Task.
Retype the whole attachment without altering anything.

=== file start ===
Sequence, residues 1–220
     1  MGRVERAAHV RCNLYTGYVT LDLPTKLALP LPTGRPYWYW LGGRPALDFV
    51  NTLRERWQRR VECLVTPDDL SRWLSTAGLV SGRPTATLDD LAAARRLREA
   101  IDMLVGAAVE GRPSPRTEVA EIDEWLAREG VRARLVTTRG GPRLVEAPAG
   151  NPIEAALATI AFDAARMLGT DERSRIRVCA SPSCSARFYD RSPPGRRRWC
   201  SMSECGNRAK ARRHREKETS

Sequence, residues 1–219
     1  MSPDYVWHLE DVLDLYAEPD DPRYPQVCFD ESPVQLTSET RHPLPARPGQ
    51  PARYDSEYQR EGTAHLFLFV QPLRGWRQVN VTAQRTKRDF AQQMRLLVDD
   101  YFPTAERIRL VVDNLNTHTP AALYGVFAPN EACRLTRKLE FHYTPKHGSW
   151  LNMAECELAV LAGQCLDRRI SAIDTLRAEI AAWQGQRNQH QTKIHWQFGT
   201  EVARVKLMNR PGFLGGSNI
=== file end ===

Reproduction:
Sequence, residues 1–220
     1  MGRVERAAHV RCNLYTGYVT LDLPTKLALP LPTGRPYWYW LGGRPALDFV
    51  NTLRERWQRR VECLVTPDDL SRWLSTAGLV SGRPTATLDD LAAARRLREA
   101  IDMLVGAAVE GRPSPRTEVA EIDEWLAREG VRARLVTTRG GPRLVEAPAG
   151  NPIEAALATI AFDAARMLGT DERSRIRVCA SPSCSARFYD RSPPGRRRWC
   201  SMSECGNRAK ARRHREKETS

Sequence, residues 1–219
     1  MSPDYVWHLE DVLDLYAEPD DPRYPQVCFD ESPVQLTSET RHPLPARPGQ
    51  PARYDSEYQR EGTAHLFLFV QPLRGWRQVN VTAQRTKRDF AQQMRLLVDD
   101  YFPTAERIRL VVDNLNTHTP AALYGVFAPN EACRLTRKLE FHYTPKHGSW
   151  LNMAECELAV LAGQCLDRRI SAIDTLRAEI AAWQGQRNQH QTKIHWQFGT
   201  EVARVKLMNR PGFLGGSNI